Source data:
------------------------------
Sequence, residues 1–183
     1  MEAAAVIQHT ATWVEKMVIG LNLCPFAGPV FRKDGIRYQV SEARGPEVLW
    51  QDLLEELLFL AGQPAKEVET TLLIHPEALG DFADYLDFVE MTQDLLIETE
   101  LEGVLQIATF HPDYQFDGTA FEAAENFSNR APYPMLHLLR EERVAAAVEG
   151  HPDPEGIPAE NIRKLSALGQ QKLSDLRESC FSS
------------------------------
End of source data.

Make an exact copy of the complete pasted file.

Sequence, residues 1–183
     1  MEAAAVIQHT ATWVEKMVIG LNLCPFAGPV FRKDGIRYQV SEARGPEVLW
    51  QDLLEELLFL AGQPAKEVET TLLIHPEALG DFADYLDFVE MTQDLLIETE
   101  LEGVLQIATF HPDYQFDGTA FEAAENFSNR APYPMLHLLR EERVAAAVEG
   151  HPDPEGIPAE NIRKLSALGQ QKLSDLRESC FSS